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THE EVENING STAR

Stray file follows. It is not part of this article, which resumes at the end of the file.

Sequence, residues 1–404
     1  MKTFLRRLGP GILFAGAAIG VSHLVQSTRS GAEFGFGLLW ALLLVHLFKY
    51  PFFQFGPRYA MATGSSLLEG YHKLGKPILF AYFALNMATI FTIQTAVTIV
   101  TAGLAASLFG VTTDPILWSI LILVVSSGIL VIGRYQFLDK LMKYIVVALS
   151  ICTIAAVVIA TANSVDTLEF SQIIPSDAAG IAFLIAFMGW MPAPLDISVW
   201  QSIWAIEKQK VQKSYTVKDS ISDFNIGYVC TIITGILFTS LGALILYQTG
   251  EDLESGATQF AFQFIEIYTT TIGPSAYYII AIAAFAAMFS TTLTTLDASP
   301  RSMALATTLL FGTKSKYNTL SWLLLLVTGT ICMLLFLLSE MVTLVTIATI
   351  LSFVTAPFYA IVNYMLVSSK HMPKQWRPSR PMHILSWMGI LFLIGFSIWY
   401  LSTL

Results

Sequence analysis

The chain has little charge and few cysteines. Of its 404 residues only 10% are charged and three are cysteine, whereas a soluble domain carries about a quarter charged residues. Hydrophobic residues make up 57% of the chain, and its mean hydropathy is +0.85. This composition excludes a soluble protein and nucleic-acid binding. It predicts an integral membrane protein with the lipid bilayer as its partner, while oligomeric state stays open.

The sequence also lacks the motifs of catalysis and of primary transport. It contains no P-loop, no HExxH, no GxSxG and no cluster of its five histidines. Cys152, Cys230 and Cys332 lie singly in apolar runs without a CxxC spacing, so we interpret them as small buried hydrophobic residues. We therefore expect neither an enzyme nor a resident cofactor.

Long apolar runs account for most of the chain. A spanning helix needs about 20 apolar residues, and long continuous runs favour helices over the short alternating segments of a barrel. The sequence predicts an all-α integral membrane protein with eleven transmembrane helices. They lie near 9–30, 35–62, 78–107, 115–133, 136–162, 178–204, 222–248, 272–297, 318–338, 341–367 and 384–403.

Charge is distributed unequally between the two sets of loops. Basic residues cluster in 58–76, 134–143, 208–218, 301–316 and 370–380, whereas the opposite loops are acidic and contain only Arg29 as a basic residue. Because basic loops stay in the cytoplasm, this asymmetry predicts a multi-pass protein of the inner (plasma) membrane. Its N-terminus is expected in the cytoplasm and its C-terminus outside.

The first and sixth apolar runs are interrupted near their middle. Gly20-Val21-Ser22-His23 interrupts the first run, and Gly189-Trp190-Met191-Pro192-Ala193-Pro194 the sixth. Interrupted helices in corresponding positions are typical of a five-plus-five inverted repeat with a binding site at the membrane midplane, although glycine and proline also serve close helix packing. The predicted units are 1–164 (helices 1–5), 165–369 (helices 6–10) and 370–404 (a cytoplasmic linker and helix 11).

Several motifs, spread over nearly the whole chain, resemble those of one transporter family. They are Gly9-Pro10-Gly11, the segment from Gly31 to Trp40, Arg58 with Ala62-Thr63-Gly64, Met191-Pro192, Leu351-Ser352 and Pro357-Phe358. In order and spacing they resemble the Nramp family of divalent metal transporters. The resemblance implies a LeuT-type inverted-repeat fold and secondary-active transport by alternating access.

With Snnday Morning Edition THEODORE W. NOYES. Editor WASHINGTON, D. C. MONDAY--January SI, 1938 Tho Evening Star Newspaper Company Main OSes: 11th St. and Pennsylvania Ave. Now York Office: 110 East 42nd St. Chleaco Office: 436 North Michigan Ava. Delivered by Carrier—City and Suburban Regalar Edition Evening and Sunday.06c per mo. or 16c per week The Evening Star._.45c per mo. or 10c per week The Sunday Star.*__6c per copy Night Final Edition Night Final and Sunday Star..__70c per month Night Final Star.. 65c per month . 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The Council will today discuss a resolu tion sponsored by Great Britain, Rus sia and France, purporting to pledge International aid to the victims of Japanese aggression. Although For eign Secretary Eden and his French and Soviet colleagues, M. Delbos and Mr. Litvinoff, have already watered down the plan, largely because of Polish objections, to the point of platonic in nocuousness, even its adoption appears to depend upon the United States’ readi ness to Join in a typical Geneva gesture that would commit nobody to anything. Eight years ago this winter Japanese activities in China also occupied the League's attention. Nippon’s guns were blazing at Shanghai and her armies were occupying Manchuria. The shoe was on the other foot. It was the United States which sought the co-operation of Ge neva powers in resisting Japan's aggres iion. But Secretary Stimson's proposals, acceptance of which might well have averted the crisis the world now faces In Asia, were spurned. British Foreign Secretary Sir John Simon would have' none of them. As Washington is blessed with a longer memory than Geneva, it is not eurprising to learn that both Secretary Hull and Senator Pittman, chairman of the Senate Foreign Relations Commit tee. deride the idea of American par ticipation in any League-hatched scheme for aid to China, even though President Roosevelt four months ago talked about "concerted effort” and "quarantines.” This country contemplates no change in its hands-off policy in the Far East. It will be confined to impartiality as be tween the belligerents and to protection of American life, property and rights in the war zones. Britain, France and Russia, for rea sons of their own—mainly, the risks they would incur in weakening their military snd naval strength in Europe—clearly would like the United States to bear the lion's share of any armed help for China. They, of course, are , chasing moon beams. But Mr. Stimson, shortly after the ‘quarantine" speech at Chicago, submitted a thought still worthy of the League's consideration and of our own. “China's principal need,” he said, “is not that something be done by other nations to help her, but that outside nations should cease helping her en emy”—that is, stop supplying Japan with raw materials and foreign credits which •lone permit her to go on waging war. Dogs will not be allowed to play in Greenbelt, Md., until the town is fully populated and then only if permitted to do so by the votes of the people. The race horse will be active in the neigh borhood regardless of personal per missions. Some Philadelphia girls are engaged In a demonstration favoring the sale of ■ilk stockings. The test so far has only promoted a conviction that other fabrics look quite as well. Mussolini worked hard to establish Fascism in his country. As time goes he decides to leave airship exploits to his •on. Troy Kinney. The etcher Troy Kinney was in Amer ica what the painter Degas was in France. Each found in the art of danc ing a theme—a living spirit—to be studied •nd interpreted. The former, however, frankly loved Terpsichore and brought to her service a gentle and gracious technical skill; the latter permitted his heart to be less definitely engaged and was content to wield a heavy impression istic brush. But such comparisons are unnecessary •s well as unkind. What needs to be said •t the moment when Mr. Kinney rests is that he merited the popularity which his work enjoyed in the judgment of a public discriminating enbugh to be not too easily pleased. He was a draftsman of un doubted genius; his plates showed the touch of a hand truthful and sure; the eye that witnessed the “poetry of mo tion” was correlated to a mind compe tent to direct fingers trained to sketch with veracity, courage and a certain natural charm which was distinctively their own. In the best achievement of his career Mr. Kinney also was fortunate in the assistance of his talented wife, the former Margaret West. They wrote and Illustrated their history of dancing together. Probably most of the research labor required was Mrs. Kinney’s contri button. Her husband provided the pic torial portion of the book—downs of etchings of the great Pavlowa, Isadora Duncan and her troupe of lovely girls, Mr. and Mrs. Vernon Castle and many other famous personalities. The finished volume became a classic, as it richly de served to be, and still is a “best-seller” in its field. It would be a pity, though, if Mr. Kinney were remembered only for his devotion to the dance. He worshiped beauty in its every aspect and left thousands of drawings of architecture, landscape, still life, etc., dating back more than four decades. Even his news paper illustrations were notable. His powers must have been bom in him. His friends believed so, and they doubtless were Justified in their faith. An Appropriate Change. Now under consideration by the 8enate Judiciary Committee is a bill designed to free the Federal Courts of an ad ministrative and financial control by the executive branch of the Government which for many years has been a source of frequent embarrassment to all con cerned. Sponsored by the Department of Justice and introduced by Senator Ash hurst, committee chairman, the measure calls for creation of an administrative office under a director appointed by the Supreme Court, which would be the fiscal agency of all United States courts and entirely independent of executive control. The sole duty of the director would be to serve the courts, keep track of dockets, make recommendations re specting assignment of judges to meet changing conditions, and to ascertain the needs of each circuit and district and present those needs directly to Con gress without revision by the executive department, as at present. No power now vested by statute in the judiciary would be transferred to the new official, who would be the servant of the courts, charged with administer ing their fiscal business under the di rection of the Chief Justice and the Conference of Senior Circuit Court Judges. In the interest of an independent judi ciary and the impartial dispensation of justice, the Importance of this financial emancipation of the courts can scarcely be emphasized too greatly. “There is something inherently illogical in the present system of having the budget and expenditures of the courts and the in dividual judges under the jurisdiction of the Department of Justice,” said At torney General Cummings, who testi fied in favor of the bill. Of the truth of the Attorney General’s statement there can be little doubt. The illogic of put ting the purse strings of the courts in the hands of the agency which is the largest single litigant before them is evident. This is no implication, nor have the sponsors of the bill intended to imply that any Federal judge would so far forget his duty as to lean to the slightest degree toward the Government in grati tude for past favors or in hope of future preferment. Indeed, the absence of any suggestion of judicial unfairness is a tribute to the character of the judiciary and of the officials of the Department of Justice who have administered the affairs of the courts since 1880. Never theless, the impropriety of the situation is apparent. The Chinese people have never liked the Japs. The reason for the Mikado’s extraordinary seclusion becomes simpler when it is realized that a personal dis courtesy may be extended to citizens of another nation with attempts even to de fend it. What Japan’s public men are accused of telling their constituents justifies the Chinese without further argument in re fusing them unobstructed freedom in the management of human speech. The President’s birthday asserts itself as a reminder that there is an abund ance of money eager to be spent but re sentful of being wasted. “Too Narrow” Streets. One of the reasons frequently given for traffic congestion is that the streets are too narrow to accommodate the constantly increasing number of auto mobiles using them. The assertion car ries an implication that widening of the roadways would speed up the flow of traffic. But even wide streets, such as are generally characteristic of Washington, can be too narrow—and a recent article in the New Yorker Magazine succinctly explains why. The article, quoted in an editorial published by the Engineer ing News-Record, tells of a New York man who boasted he never paid garage rent or parking lot fees, yet used his car constantly. "Don’t you ever get a ticket?” he was asked. "Sure,” he said, “I get between none and two a month. I send a mes senger boy to Traffic Court with a dollar, the fine for parking overtime. The boy’s charge is 35 cents, so if I am unlucky, parking costs me $2.70 a month.” The New Yorker’s comment was: “And that, friends, is one reason evqjy street in town is narrower than it should be.” To which the Engineering News-Rec ord added: “But the porkers still per sist and hundreds of miles of street surface, located on the moat costly real estate in the world and improved at great expense to all the taxpayers, are smugly monopolized by a few . to the discomfiture and great cost of the many. But the few do save their parking fees.” These expressions are typical of the growing resentment of many citizens over pre-empting of public streets by all-day and all-night patters, not to mention the part-time variety. Motor-, ists are learning — sometimes under pressure of court decisions—that the public highways are built for the free flow of traffic and that no individual has a legal right to impede that flow. District authorities have indicated their Intention of drastically restricting parking on busy streets. Eventually parking may be banned altogether on certain streets, such action will be fully as effective as moving the curbs farther apart—and it will be cheaper in the end for all the taxpayers. Irresistible Forces. The power that is wrecking bridges at Niagara is the same which destroyed San Francisco in 1906, Chicago in 1871. It has many names, appears in numerous different aspects; but its effect invariably Is identic. Floods, earthquakes, fires, volcanic eruptions, hurricanes, blizzards —all these spell ruin when the dynamic force represented in them is released to run wild. They are irresistible. Man governs them only in relatively minor degree. A mountain moving toward the ocean at Los Angeles listens to no argument. The Mississippi, carrying millions of tons of precious top soil to the Gulf of Mexico, heeds no prayer. It is useless to petition a tidal wave or a dust storm. Similarly, no human appeal could have stopped the iceberg which sank the Titanic in 1912 nor stayed the explosion which brought down the Hlndenburg in flames last year. The history of mankind might be written as a catalogue of vain attempts to con trol the universe. But, instead, it has been chronicled in terms of increasing facility, expanding capacity, growing talent for survival. The reason is plain enough—the race Is learning the lessons of its experience, discovering new techniques and new in struments of service, finding improved disciplines, developing better adjust ments, generating greater powers of its own. Perhaps the struggle is tedious, arduous and expensive. Let It be granted that it might be pleasant for the species to live in a cardboard paradise, unbothered and untroubled by any challenge from the cosmos. In such an Eden all would be peaceful and serene. But would it not likewise be monumentally dull? Some might answer in the negative. The majority, however, probably would rather risk occasional discomfort, even occa sional disaster, than willingly submit to being perpetually bored. Having assisted many players to celeb rity, Mr. Lee Shubert brings a group of actors in a successful play to the Presi dent's fight against infantile paralysis and becomes a celebrity himself. The collection of taxes must be re garded as especially expensive when it becomes necessary to compute not only the assessment but also the refund that will be due. Harvard University finds itself re quested for answers to questions as puzzling as some that were submitted in early stages of its history. The battle in the clouds continues to be a feature of activities around Spain. It will be stopped but Just how must be for events to decide. Japan may have to consult the psycho analysts to make it clear that what the public designates as war is only suicide on a grand scale. Mussolini has sent a son by airplane to South America, thus demonstrating his confidence that air travel properly super vised may be safe. Many points come up for inquiry. One of them is the slap as a signal in diplomatic intercourse. Shooting Stars. By PHILANDER JOHNSON. Brief Interval. Speed the way toward merry May When stormy skies are banished. So fast we stray upon our way A year too soon has vanished. St. Valentine with pleasures' fine— The glorious Fourth—Thanksgiving Will pass in line. We'll jest and dine And vow we’re glad we're living. A few months more, as we explore The moments glad or surly. Then, as before, well shout “Encore!” It's time to shout “Shop Early!” Avoiding Artificiality. “Did you ever study elocution?” in quired the friend. “No,” answered Senator Sorghum. “If I were to do anything like that it would cause me to lose friends. They must feel that I am impetuously pour ing forth my soul in unstudied words and not merely speaking a piece.” Jud Tunklns says you have to read a lot to learn things, and then read a lot more to find out which of ’em was true. On With the Dance! We thought the cakewalk rather queer. The turkey trot was awful. But names of dances now appear That seem almost unlawful. The Soft Speaker.. “We should always speak gently.” “If you have violated a traffic regula tion it’s absolutely necessary. But if you’re the cop you don’t have to.” “Peace may come among nations,” said Hi Ho, the sage of Chinatown, “but a family quarrel means war that never ends.” Lamps. Aladdin, the scamp, Had a wonderful lamp. He rubbed it. A djinn did the rest. His toil seems tor much As marvels we touch,' When merely a button is pressed. "After a politician has shook hands mebbe a thousand times,” said Uncls Eben, “you kind o' doubt his sincerity when be says ’Pleased to meet yccu’ ” Two-Job Families Blamed For Unemployment Rate To the Editor of The Star: In 1929 we had a market crash that caused a slump In this wealthy country of ours and today we still have that slump, our unemployed and our relief. Just what is behind all of it? I have recently been in some seven or eight different States and I obtained a few figures. One cause of unemployment is giving one family two and three in comes each month while other families have not one cent coming in except the relief check. In Detroit married women in the fac tories operate drill and punch presses, put ignition wires on automobiles, wear overalls and operate any and all kinds of machines. In our rubber shops in Akron, Ohio, 31 per cent of the married women employed have husbands who also are working. Just go to the roller bearing companies in Canton, Ohio, and see the women there. Go down to our fruit-packing plants in Florida and the married woman is right on the job. A •bakery here in Washington has at least 15 women working behind the soda foun tain. Take a stroll through several Government buildings and look for wed ding rings. Believe me, they are there by the thousands. Ooing to a store to open an account you used to talk to a man credit man ager. Today it is a girl. A man bookkeeper in 1915 received $150 salary. Today some young girl, just married, takes over that same Job for $10 or $15 weekly. Just a few days ago I saw where the working girl was allowed $17 weekly wage to keep her in lipstick, silk hose, and have her hair curled. Look around you and count the married men with families that are on relief getting $12. So you see one lone girl is allowed $17 and one man with four or five children is allowed $12 if he is lucky and can get it. If the unemployment question is set tled and married men put back to work it will be by a law that permits only one in a family to work. A. TOMLINSON. -» <l» I-■ Drivers Implicated in Accidents Need Third Test To the Editor of The Star: Your valuable editorial In The Star of January 27 carried a ray of hope for all who use the streets of Washington, whether pedestrians, drivers or those riding in automobiles. No one can dispute your statement, "In view of the ever-mounting traffic toll, a city or State may properly be classified as negligent if it fails to take every logical step to prevent accidents. • • • Two factors are involved in every acci dent—the car and the driver.. It is only common sense to make both subject to examination.” Will you kindly allow me to suggest that in case of accident these two ex aminations should be followed by a third examination to determine if at the time of the accident the driver wa» thoroughly competent to drive a po tential death car through the streets and on the public highways, even though he showed no visible signs of not being thoroughly competent. He might have been an expert driver a short time be fore. but not at the time of the accident. Then is it not reasonable to require that in case of accident he take an addi tional test that is thoroughly dependable, absolutely harmless, inexpensive and quickly made to determine his fitness to drive at the time of the accident. Such a test would soon show the basic—though hidden—cause of much of the appalling slaughter in our streets. Who can deny the justice of requiring that such a test be made in case of every accident? Even the liquor people say in some of their advertisements, “If you drive don't drink; if you drink don’t drive.” GEORGIA ROBERTSON. Repeal of All Legislation Hampering Business Urged To the Editor of The Star: The wise men from the East, including John L. Lewis and William Green, who were summoned to Washington to advise with the President concerning the re cession. seemed to be unable to give any help in the matter. This should surprise no one. The President wants business to recover while at the same time it is being penalized with the endless variety of taxes and while he is distributing bil lions of the people's money in subsidies to farmers and other favored classes. It can't be done. The business situation has been still further aggravated by the Wagner Labor Act, the Federal Labor Relations Board, and other special favors awarded to union labor having the direct efTect of encouragement for unjustifiable labor strikes. Here are a few suggestions concern ing the problem which might well be considered: A monthly reduction of 10 per cent in all the philanthropic expendi tures of Government until all are can celed: repeal of the Wagner Labor Act and abolition of the Labor Relations Board; repeal of the Social Security Act; repeal of tariffs on all imports; 10 per cent annual reduction of income taxes until all are canceled; repeal of all triple A and other subsidies to agriculture; re peal of all inquisitorial regulation of business; reduction of armament appro-" priations to a peacetime basis; gradual concentration of all taxes upon ground rents which, according to political econ omy, is the only ligitimate source of pub lic revenue. HENRY WARE ALLEN. Wichita, Kans. Notes Difference When On Inside Looking Out To the Editor of The Star: How much difference it makes some times as to which side of the fence we are on in expressing views about events or issues. For instance, when Mr. Roose velt was on the outside, then the man in the White House, Mr. Hoover, was solely responsible for the depression which de scended on the world a few years ago. Now that Mr. Roosevelt is on the in side of the White House, responsibility for the depression now affecting the United States alone he boldly lays at the feet of “big business” and cries out in loud tones that business must be “purged.” It has been quite noticeable that when Mr. Roosevelt is more or less directly re sponsible for the adverse results of some of his “New Deal” policies, the louder and stronger he comes out with blame and invectives against some Innocent victims. Always it is to say or do any thing to turn the blame from himself and his policies on to some other group. Mr. Roosevelt probably fails to con sider that the Intelligent, thinking peo ple of today can figure some .things out for themselves, and all this unjust shift ing of blame only tends to reflect on the sincerity of Mr. Roosevelt. The reading public is aware that this administration has overburdened business with taxes and has encouraged unfair labor de mands. JANE MARLOWE. Magic in Jail. Prom the Macon (Oa.) Teletranh. A magician has been sent to the peni tentiary in Illinois. Stand by, folks, to see what he can do in the way of pulling •teal saws from his socks. THIS AND THAT I BY CHARLES E. TRACEWELL. A doorbell for squirrels is the novel arrangement of a Washingtonian living in one of the larger apartment buildings. The "how” and "why” of this device is explained in the following letter: "Dear sir: "I wish to thank you for the pleasure that you give us in your This and That column in The Evening Star. "You have made us all more conscious of the birds, the flowers and other living things. “While we who live in city apartments do not have the advantage of as com plete enjoyment of birds and flowers as do our suburban friends, yet we are fortunate in living in one of Washing ton’s large apartment buildings that has a front yard. “In this same building lives an elderly gentleman, retired from Government service, whose love for children, birds and flowers, is well known to us all. "In the summer we enjoy the large bed of roses which he has planted and cared for and which bloom profusely for all of us to admire. “In the winter the yard is full of birds, cardinals, bluejays and sparrows, too, at tracted there by a feeding table which the gentleman has placed under the tall bushes by the front porch. * * * * "To avoid walking on the wet ground or into the deep snow, to set out the bird food, he has a false top to the feed ing table with a ring in the center, and to replenish the feast he has but to step to the porch with a long stick with a hook in the end and ‘fish’ the table top to the porch level. "The other day I noticed that the ta ble top bears tills inscription: *’ ’Free lunch, all birds welcome.’ "Though I did not know that birds could read, they certainly must, for they come in great numbers to take advantage of the ’handout.’ “I asked him some time ago how he knew what to feed them, and his reply was. ‘Put out several different kinds of food, wildbird seed, scratch feed, bread crumbs, etc., see which is taken first, and you have your answer.’ "Squirrels he feeds with peanuts placed on his second-floor window sill, but the pigeons have found this lunch place, so to avoid feeding the pigeons he no lunger fills the sills with real peanuts, but in stead has an artificial peanut beside the window, within reach of the squirrels, and attached to a ’buzzer” circuit. "The squirrels, finding no other nuts in sight, attempt to eat the artificial one and this sets off the buzzer inside the apartment and the gentleman hastens to provide real peanuts for his callers. Very truly, R. C. B.’ * * * * This letter shows what the real ncture lover can do. Apartment house living is regarded by some as living outside the influence of nature, but our correspond ent proves the reverse. He shows how the genuine lover of the anlmRl world may aid the wild creatures, and at the same time provide real enter tainment and happiness for himself and his neighbors. No doubt some suburban dwellers fail to get the most out of their environment, whereas many a deep-city resident makes the mo6t of the opportunities he has. The love of nature and her creatures is not given to every one. It, too, Is a gift. He or she who has It holds one of the real enjoyments of this world. * * * * It Is true that apartment dwellers, as a group, do not have the advantages for nature study which are the privilege of those who live either ip country or sub urbs. But they really do have the advantage of as complete enjoyment of birds and flowers, in a sense, if they take advan tage of every opportunity offered. There is no apartment, large or small, which would not be bettered by some flowers, even if nothing more than win dowboxes. The person who shows some interest in such work, and a little knowledge, gladly will be given the job by others. It must be remembered that many persons now living in apartments are older people who once lived in country and small town. Many of these persons have a really great knowledge of the small animals, the plants of the world and how to make friends with the one and grow the other. * * * * Good humor and understanding is shown in the above letter, both by the writer and its subject. "To avoid walking on the wet ground-” That is not because the gentleman wants to keep out of the wet, so much, as because he knows that walking on soft earth, in winter and spring is not good for the grass. The sign which he has on his feeding table shows the desire for fun which is one qf the most attractive elements of a love ror nature. Sometimes persons en gaged in this occupation permit the small worries of it to make them Intolerant and crabbed. Good humor and tolerance are as fine virtues here as elsewhere, and just as much needed. * * * * The method of trial and error remains a very good one for any person who de sires to know "what to feed the birds.” Some species prefer some one foodstuff, others still another. If you want starlings, for instance, bread will do it. If you don't want starlings, do not put out breadstuffs in any form. It is almost as simple as that. So it goes all down the line. Most mix tures of wildbird food, as they are called, contain rape seed, but very few birds which winter in this vicinity seem to care for it. So it might as well be left out. Canadian peas are not a favorite with many birds. A little experimentation along these lines will show what the birds like to eat. It is only sensible to reject what the birds themselves reject. One soon finds out, too, what they like, and it is the | very essence of this wisdom to give them what they prefer. WASHINGTON OBSERVATIONS BY FREDERIC WILLIAM WILE. Anti-New Dealers, by which are meant Republicans and conservative Democrats, cherish no honest-to-good ness expectations of obtaining numerical control of the House in the 1938 cam paign for which battle lines are now being drawn. The Senate is irrevocably Democratic until 1941. About all the anti-Roosevelt combination hopes for is to capture enough seats to reduce the present top-heavy Democratic House majority of 200-odd at which the ad ministration can be checkmated. Repub lican leaders are now wishfully talking of gaining 40 to 60 seats. Even if the ele phant does as well as that, administra tionists would still be overwhelmingly preponderant, though their majority would be more apparent than real. The present Congress has shown that Bank head and Rayburn head a phalanx of followers in name only. The fate of the five-point Roosevelt program, stalemated at every turn, is glaring proof that New Deal "control” at the Capitol is a mere figure of speech. Bi-partisan efTort in many congressional districts and States is likely to feature the com ing contest. , Senator Vandenberg. arch coalitionist, is understood to be ready to stump for certain Democratic Sena tors endangered for re-election by their opposition to the President's Supreme Court plan. * * * * When Dr. Glenn Frank's 200 Re publican best minds pow-wow at Chi cago a month hence, their nominal business will be to consider a party pro gram. What will be little less conspicu ous in their minds is the paramount question of presidential timber. Com monest of all current political comment is that the Republicans today haven’t a man who'd stand the ghost of a show against even a third-term Roosevelt candidacy. While the party isn’t devoid of "possibilities,” it is notoriously lacking in a personality possessed of what it takes to capture the popular imagina tion. Vandenberg is probably outstand ing. though he's done little since the Landon convention to enhance his stat ure. If the view persists that only a Westerner measures up to 1940 necessi ties, Glenn Frank himself may come into the running. Young Robert A. Taft of Ohio looms in the same geo graphical connection. The Repub licans’ other white hopes are confined to the Atlantic seaboard, especially New England, including Senators Lodge of Massachusetts and Bridges of New Hampshire, Gov. Aiken of Vermont and Representative Bruce Barton and Dis trict Attorney Dewey of New York. John Moore Allison, American Em bassy secretary at Nanking—victim of the face-slapping incident which has provoked our latest fracas with Japan— is a 33-year-old Kansan who entered the foreign service after living in the Far East as a teacher of English in Japanese schools and business activities in China i and Japan. He was in the consular service at Shanghai, Kobe, Dairen, Tsi nan and Tsingtao before being assigned to Nanking last September. Allison’s official refutation of the Japanese alibi for a sentry’s unprovoked attack on him carries particular weight at the State Department because the young diplomat speeks Japanese fluently and was able, unbeknown to his tormentors, to under stand the verbal abuse they heaped on Americans in general while maltreating him. Episodes like the Panay and Al lison “incidents’’ have far more than a surface purpose, in Washington’s esti mation. The object, Far Eastern au thorities feel sure, is to show the Chinese that Westerners have completely lost face in the Far East. * * * * President Roosevelt’s plan to build up the Navy by 20 per cent has one tran scendent reason not generally realised. It will expand* the United States fleet to that point which will enable us to face Japan in the Pacific, if necessary, with 1 out dependence upon the British navy. There would still be the vital matter of naval bases. On that account, Hong Kong and Singapore would be of in estimable value to us, but, as far as ships are concerned, the Increase now pro jected will give Uncle Sam ample power more than to hold his own against any force the Japanese could pit against him. * * * * Capt. William H. Stayton, Annapolis, '81. who probably did more than any other one American to kill prohibition— he was founder and chairman of the Association Against the Eighteenth Amendment and the Repeal Associa tion—has again cleared for action against his old foes. He's now bombard ing the “American Business Mens Re search Foundation," which has asked the President and Congress for $50,000,000 for "dissemination of the truth about alcohol.” In a statement questioning its capacity for propagation of any kind of truth, Stayton assails the Research Foundation as a concern “directed chiefly by professional drys and mas querading under a business guise.” The veteran wet is confident Congress will decline "to foster a movement three fourths of the voters in 37 States have definitely condemned.” • * * * Former Belgian Premier Van Zee land’s proposal of another world eco nomic parley fails to set the Potomac afire. Veiled hopes that President Roosevelt could be hornswoggled into convening such a parley at Washing ton are vain. The administration pins its hopes for international economic peace on bilateral trade agreements, as contemplated by the Hull reciprocal program and impending Anglo-Ameri can negotiations. The United States is opfn minded on the subject of appeas ing “have-not” nations like Germany and Italy, but holds that concessions of colonies or raw materials must be con ditional on disarmament and non-aggres sion pledges. The retirement, a year in advance of the expiration of his term, of Senator Steiwer, Republican, of Oregon has made way, by gubernatorial appoint ment, for still another Democrat in the Senate. The lop-sided score now reads 77 Democrats and 15 Republicans. The Oregon congressional delegation will consist of two Republicans (Senator Mc Nary and Representative Mott) and three Democrats (a Senator and two House members). * * * * Dr. Edmund A. Walsh of Georgetown University, who is about to resume his annual series of public lectures on Soviet Russia, calls the new course “Twenty Years After.” Summarizing it. Dr. Walsh says: “The commissars have had 20 years to experiment on the body of the Russian people, and the results may now be analyzed in the historical per spective which two decades have af forded—a process not possible 13 years ago, when the present lecturer began a history of the Russian Revolution. But in' point of fact, most of the opinions and criticisms then advanced have been confirmed by the public record of the Intervening years and are now re luctantly admitted by previous defend ers of the Communist regime.” (Coprrltht. 1938.) Secrets. From the Lot Aneelei Tlmei. Naval secrets of the United States will no longer be published by Congress, it 1s said. Henceforth they will be known only to the intelligence departments of all the foreign powers. Still Doing Business. From the Manchester Union. The cabinet replacement business in Francs Is as good as ever, which is say ing a gnat deal. ANSWERS TO QUESTIONS BY FREDERIC J. HASKIN. A reader can get the answer to anp question of fact by writing The Evening Star Information Bureau, Frederic J, Haskin, director, Washington, D. C. Please inclose stamp for reply. Q. How is aerial machine gun practice managed?—J. 8. A. It is conducted by firing at a sleeve (cylindrical cloth) target, towed at the end of a long wire by an airplane. Q. What does slalom mean?—M. L. A. It is a term applied to skiing, usually in a race against time, in a zigzag, downhill course, between upright obstacles, generally flags. Q. How large do lobsters grow?—N. D. A. Sometimes lobsters are caught weighing 15 pounds and a few have been known to reach 28 pounds. Lobsters sold in markets are usually from 1 to 2 pounds in weight. Q. What caused the milk sickness which was common in the Middle West in the early nineteenth century?—C. L. A. It is now known that it was caused by trematol found in several weeds. When eaten by cows their milk was fatal to human beings. Q. How should a guest congratulate a bride and groom?—E. F. A. A guest is careful not to congratu late a bride. This is in violation of the rules of etiquette. One wishes the bride the greatest happiness, and congratulates the groom. Q. Where in North Carolina is the school for boys and girls which is man aged bv Teachers’ College, Columbia University?—W. H. A. The Springdale School is 32 miles southwest of Asheville, N. C. It is for boys and girls from 10 to 18 and is operated by New College of Teachers’ College, Columbia University. The school is located on a farm and practical courses in farm management, household arts, etc., are given as well as the regular academic work. Q. In what order do the various mili tary organizations march in a parade? —C. H. A. The order is as follows: (1) Cadets of the United States Military Academy; (2) midshipmen of the United States Naval Academy; (3) Coast Guard cadets; <4> Regular Army; (5) United States Marines; (6) naval forces; (7) Coast Guard; (8) National Guard, Marine Corps Reserve, Naval Reserve, organizations which have been federally recognized (a) National Guard organi zations. <b> Marine Corps Reserve, (c> Naval Reserve organizations; (9) other organizations of organized reserves. Na tional Guard, Naval Militia. R. O. T. C. and other training units in the order prescribed by the grand marshal of the parade; (10) veterans and other patriotic organizations in order prescribed. Q. In making cotton curtains, how much should be allowed for shrinkage? —R. C. A. About one inch to the yard, if the material is loosely woven. Q. Who founded the Actors’ Fund Home?—C. L. A. The Actors’ Fund Home was founded by Louis Aldrich, the fourth president of the fund, and was opened at West New Brighton. Staten Island, in " May, 1902. The institution was trans ferred to Englewood. N. J, in April, 1925. Q. How many works were composed by . Haydn?—W. H. A. The latest list, still assumed to be incomplete, enumerates 118 symphonies. 53 piano sonatas, 83 string quartets. 24 trios, 19 operas, 5 oratorios, 24 concertos for various instruments and many smaller works. Q. How are doors opened by having lights shining upon them?—D. B. A. As a person approaches within a few feet of these self-opening doors he intercepts a light beam of the size of a half dollar. By so doing it releases a mechanism which automatically flings the doors wide open. Q. Who coined the expression, Tm from Missouri?”—S. J. A. The late Representative Vandiver of Cape Girardeau. Mo., coined the expres sion. “I'm from Missouri; you must show me.” Q. Who played the leading feminine adult role in “Little Miss Marker”?— J. M. P. A. Dorothy Dell. She was killed In an automobile accident, June 8, 1934, at the age of 19. Q. Do the Japanese have factories in this country making the toys that are labeled "Made in Japan”?—S. M. G. A. The Japanese do not have factories in this country to manufacture toys. The Tariff Act requires that all goods man ufactured in foreign countries shall bear a label showing this fact. All of the goods bearing the label, “Made in Japan,” are actually made in that country. Q. When was the Salt Lake City Tabernacle Choir organized, and how long has It been on the air?—J. J. K. A. The famous Salt Lake City Taber nacle Choir Was organized at the call of the president, Brigham Young. In 1870. The choir numbers 330 singers who con tribute their services voluntarily, meeting three times a week for rehearsals and the weekly broadcast. The choir has been on the air weekly for seven years for the tabernacle broadcast of the organ and choir. It is the oldest standing pro gram of the American network of com munity origin. — Q. For whom was Mount Rainier named?—E. H. A. Mount Rainier was named after the British admiral, Peter Rainier, who fig ured in the American Revolution. The name was given by Capt. George Van couver, English navigator and explorer. Q. How long has the metric system been in use?—K. K. A. It was an invention of the French in the latter half of the eighteenth century. The French government ap pointed a committee of the Academy of Sciences under the authority of the National Assembly sanctioned by Louis XVI to devise a system of weights and measures. On June 22, 1799, the stand ard units, the meter and the kilogram, made by expert scientists and instru ment makers, were deposited in the archives at Paris. Q. What was the first San Francisco bank to reopen after the earthquake?— W. H. A. The Bank of Italy was the first financial institution to reopen after the catastrophe and extend loans for re construction. Q. When did Lon Chaney die?— H. W. H. A. He died Aagwt 23. MO.